Appraisal of chemotherapy effects on reproductive outcome according to animal studies and clinical data.

Dror Meirow*, Eyal Schiff

*Corresponding author for this work

Research output: Contribution to journalReview articlepeer-review


Cancer in women or men during reproductive life raises fears and dilemmas regarding the ability to have a healthy child. Chemotherapy and radiotherapy increase genetic defects in germ cells, depending on the agent used and the stage of gamete maturation. No increase in miscarriage or congenital malformation rates is detected among children born years post-cancer treatment. However, when pregnancy occurred shortly after treatment, increased abortion and malformation risk was reported. Until more data are available, monitoring of chromosomal aberrations and birth defects is recommended. Complexity of cancer treatment is significantly amplified in women exposed to chemotherapy during pregnancy due to concerns regarding direct maternal risks caused by treatment and risk to the developing embryo-fetus. The potential teratogenic effect of cancer treatment depends upon the developmental stage of the fetus at exposure and on drugs used. During the first trimester, abortion and malformation rates are increased, while second- and third-trimester chemotherapy may increase the risk of stillbirth, fetal growth restriction, and premature birth. Maternal myelosuppression increases bleeding and infection tendency, which can harm the fetus. A multidisciplinary team alerted to possible consequences of cancer treatment on pregnancy outcome should provide the optimal treatment options for these patients.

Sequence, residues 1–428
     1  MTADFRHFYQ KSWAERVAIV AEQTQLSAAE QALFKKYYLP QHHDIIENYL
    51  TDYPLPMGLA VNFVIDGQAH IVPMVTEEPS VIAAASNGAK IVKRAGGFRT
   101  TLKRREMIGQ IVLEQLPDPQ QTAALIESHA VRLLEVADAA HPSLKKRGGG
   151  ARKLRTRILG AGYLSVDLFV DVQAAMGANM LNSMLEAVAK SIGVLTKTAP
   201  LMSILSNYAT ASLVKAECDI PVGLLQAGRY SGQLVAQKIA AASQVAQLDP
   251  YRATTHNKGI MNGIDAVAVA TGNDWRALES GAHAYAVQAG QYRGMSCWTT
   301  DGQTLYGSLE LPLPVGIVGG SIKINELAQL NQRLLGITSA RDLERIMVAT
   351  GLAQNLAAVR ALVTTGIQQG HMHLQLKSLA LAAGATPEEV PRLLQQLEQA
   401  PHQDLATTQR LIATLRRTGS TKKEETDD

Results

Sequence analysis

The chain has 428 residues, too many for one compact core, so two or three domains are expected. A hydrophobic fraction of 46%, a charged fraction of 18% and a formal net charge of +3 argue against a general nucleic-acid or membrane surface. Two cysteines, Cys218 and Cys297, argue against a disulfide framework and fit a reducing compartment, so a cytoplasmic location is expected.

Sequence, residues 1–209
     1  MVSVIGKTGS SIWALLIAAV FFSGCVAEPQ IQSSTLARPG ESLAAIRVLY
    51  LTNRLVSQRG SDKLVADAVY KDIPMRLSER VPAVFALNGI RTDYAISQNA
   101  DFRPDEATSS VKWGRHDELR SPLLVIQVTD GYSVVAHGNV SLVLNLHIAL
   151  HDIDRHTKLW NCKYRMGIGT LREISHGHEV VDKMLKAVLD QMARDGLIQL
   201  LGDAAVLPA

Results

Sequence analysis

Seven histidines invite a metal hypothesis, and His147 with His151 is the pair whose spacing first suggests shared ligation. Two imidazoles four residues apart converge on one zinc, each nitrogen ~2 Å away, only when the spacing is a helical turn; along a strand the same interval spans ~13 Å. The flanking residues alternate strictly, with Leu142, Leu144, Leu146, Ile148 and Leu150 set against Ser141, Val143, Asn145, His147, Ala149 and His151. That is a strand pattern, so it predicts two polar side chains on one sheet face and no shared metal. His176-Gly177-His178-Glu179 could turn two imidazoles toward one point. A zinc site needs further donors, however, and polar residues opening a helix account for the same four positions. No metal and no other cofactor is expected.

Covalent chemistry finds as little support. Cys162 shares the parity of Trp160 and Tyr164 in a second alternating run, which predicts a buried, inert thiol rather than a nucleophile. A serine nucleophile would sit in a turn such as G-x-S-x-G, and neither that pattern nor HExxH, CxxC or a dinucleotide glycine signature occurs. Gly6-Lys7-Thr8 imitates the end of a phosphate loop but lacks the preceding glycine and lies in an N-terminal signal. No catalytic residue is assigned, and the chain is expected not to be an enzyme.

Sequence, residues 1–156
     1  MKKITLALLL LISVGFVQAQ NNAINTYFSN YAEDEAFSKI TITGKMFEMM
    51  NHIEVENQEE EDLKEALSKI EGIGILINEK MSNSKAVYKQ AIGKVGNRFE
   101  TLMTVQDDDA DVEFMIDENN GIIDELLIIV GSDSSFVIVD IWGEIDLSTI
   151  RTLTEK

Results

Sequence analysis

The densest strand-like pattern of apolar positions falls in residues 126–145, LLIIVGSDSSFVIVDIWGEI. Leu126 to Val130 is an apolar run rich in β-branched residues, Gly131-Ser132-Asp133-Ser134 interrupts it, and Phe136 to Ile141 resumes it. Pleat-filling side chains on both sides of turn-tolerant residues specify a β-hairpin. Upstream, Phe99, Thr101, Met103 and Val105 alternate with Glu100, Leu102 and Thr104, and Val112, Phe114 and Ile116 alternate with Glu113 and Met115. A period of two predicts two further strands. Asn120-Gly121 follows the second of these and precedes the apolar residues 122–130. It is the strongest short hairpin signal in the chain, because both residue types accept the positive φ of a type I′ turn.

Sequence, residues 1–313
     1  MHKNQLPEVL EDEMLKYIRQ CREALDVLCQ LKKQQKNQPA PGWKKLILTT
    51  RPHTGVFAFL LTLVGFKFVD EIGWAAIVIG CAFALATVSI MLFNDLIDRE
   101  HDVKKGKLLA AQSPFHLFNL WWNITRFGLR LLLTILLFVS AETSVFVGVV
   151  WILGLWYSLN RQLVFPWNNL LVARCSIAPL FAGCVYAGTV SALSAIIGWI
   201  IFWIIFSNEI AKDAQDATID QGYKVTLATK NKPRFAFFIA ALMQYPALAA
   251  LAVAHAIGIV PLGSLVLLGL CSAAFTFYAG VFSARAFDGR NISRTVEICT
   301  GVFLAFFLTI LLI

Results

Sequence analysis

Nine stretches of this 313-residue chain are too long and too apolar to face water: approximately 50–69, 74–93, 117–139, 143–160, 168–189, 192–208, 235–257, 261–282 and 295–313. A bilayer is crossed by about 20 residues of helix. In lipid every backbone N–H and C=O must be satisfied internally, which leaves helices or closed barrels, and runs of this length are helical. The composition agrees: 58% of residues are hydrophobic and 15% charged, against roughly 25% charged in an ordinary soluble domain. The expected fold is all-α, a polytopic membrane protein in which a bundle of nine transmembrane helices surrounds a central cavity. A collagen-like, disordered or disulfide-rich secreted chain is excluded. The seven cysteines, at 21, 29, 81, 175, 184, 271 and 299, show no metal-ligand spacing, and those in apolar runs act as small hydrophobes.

Original languageEnglish
Pages (from-to)21-25
Number of pages5
JournalJournal of the National Cancer Institute. Monographs
Issue number34
StatePublished - 2005
Externally publishedYes


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